American tech firms, such as Cisco and Microsoft, are facing increased pressure from Chinese authorities to accept rigorous security checks before their products can be purchased by China’s sprawling, state-run financial institutions.

Beijing has considered its reliance on foreign technology a national security weakness, particularly following former National Security Agency contractor Edward Snowden’s revelations that US spy agencies planted code in American-made software to snoop on overseas targets.

The cyber-space policy group approved a 22-page document in late 2014 that contained the heightened procurement rules for tech vendors, the New York Times reported on Thursday.

From Apple With Love – Granting Chinese Security Audits Leaves More Deep & Profound Implications Than Betrayal of Apple Die-Hards

I always like the beauty and elegance of Apple products (I had 2 Mac laptops and 1 iPhone) but I have to admit I have already shunned them as anyone deeply conscious and concerned about privacy and security should do – Snowden, for example, recently said he never used the iPhone given the existence of secret surveillance spyware in the devices.

Consider the latest news that Apple Inc. has caved in to Chinese demands for security inspections of its China-made devices like the iPhones, iPads and Mac computers. The move understandably makes business sense to Apple (and its shareholders) as China is just too huge a market to ignore – so the Cupertino-based company (whose market capitalization hit $683 billion last week, more than double Microsoft’s $338 billion) realized it simply can’t ignore Beijing’s “concerns” about national security arising from the iPhone’s ability to zero in onto a user’s location.

Now pause right there. No, there’s no typo above. And yes, the Android and Blackberry smartphones can also mark a user’s location. So what’s the catch? Figure that out – it’s not difficult.

And what Apple found they can ignore is the privacy and security of its die-hard users – after all, it has been well-documented Apple users were (and probably still are) well known for their “cult” like loyalty to the brand. Look no further for evidence than last summer when Apple announced its plan to host some of its data from its China-based users on servers based inside the country and claimed the company was not concerned about any security risks from using servers hosted by China Telecom, one of the three state-owned Chinese carriers. The company has also denied working with any government agencies to create back doors into its products or servers… (So surrendering to security audits wouldn’t?)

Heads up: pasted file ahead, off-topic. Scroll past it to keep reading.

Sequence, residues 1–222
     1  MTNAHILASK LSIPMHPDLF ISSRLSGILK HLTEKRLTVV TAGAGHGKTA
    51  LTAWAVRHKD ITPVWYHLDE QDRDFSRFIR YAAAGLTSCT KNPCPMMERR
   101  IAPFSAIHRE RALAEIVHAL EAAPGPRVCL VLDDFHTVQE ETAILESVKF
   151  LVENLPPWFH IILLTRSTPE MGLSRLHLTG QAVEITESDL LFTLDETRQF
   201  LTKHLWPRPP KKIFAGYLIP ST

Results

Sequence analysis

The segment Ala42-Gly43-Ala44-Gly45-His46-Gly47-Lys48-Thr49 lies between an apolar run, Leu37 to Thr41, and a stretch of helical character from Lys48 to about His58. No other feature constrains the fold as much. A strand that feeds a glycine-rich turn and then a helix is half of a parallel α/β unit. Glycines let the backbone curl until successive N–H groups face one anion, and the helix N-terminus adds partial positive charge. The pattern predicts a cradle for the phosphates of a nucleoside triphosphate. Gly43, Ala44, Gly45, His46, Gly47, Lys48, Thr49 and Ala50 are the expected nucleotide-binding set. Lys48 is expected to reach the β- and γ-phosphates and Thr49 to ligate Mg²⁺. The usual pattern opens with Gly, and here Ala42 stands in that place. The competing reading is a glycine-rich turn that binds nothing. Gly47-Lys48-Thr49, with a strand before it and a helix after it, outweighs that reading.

If only Apple users somewhat managed to chuck away their cult mentality and come to their senses (about their privacy and security risks), the US tech giant would realize the Google approach (though still not the perfect example) is a better way to cultivating brand loyalty (see article below).

And in case you’re wondering, I use laptops with no parts made in China along with Linux most of the time – and shun the most popular Linux distributions to be on the safe side.


Apple’s New Security Concessions to Beijing

By Doug Young | January 27, 2015, 10:13 AM

Apple is deepening its uneasy embrace of Beijing security officials, with word that it has agreed to allow security audits for products that it sells in China. This latest development comes less than a year after Apple took the unusual step of moving some of the user information it collects to China-based servers, which was also aimed at placating security-conscious regulators in Beijing.

Apple’s increasingly close cooperation with Beijing contrasts sharply with Google, whose popular Internet products and services are increasingly being locked out of China as it refuses to play by Beijing’s rules. Other global tech giants are also having to deal with the delicate situation, each taking a slightly different approach to try to protect user privacy while complying with Beijing’s insistence that they make their information available to security-conscious government regulators.

As a relatively neutral observer, I can sympathize with both the Apples and Googles of the world. Companies like Apple have decided that China is simply too large for them to ignore, and thus are taking steps to address Beijing’s security concerns as a condition for access to the huge market. Microsoft has also taken a similar tack, and Facebook is showing it will also be willing to play by such rules with its recent repeated lobbying for a chance to set up a China-based service.

Google has taken a more defiant stance by refusing to compromise user privacy and free speech, with the result that a growing number of its products and services are now blocked in China. The company shuttered its China-based search website in 2010 over a dispute with Beijing on self censorship. Last year many of its global sites and even its Gmail email service also became increasingly difficult to access for users in China.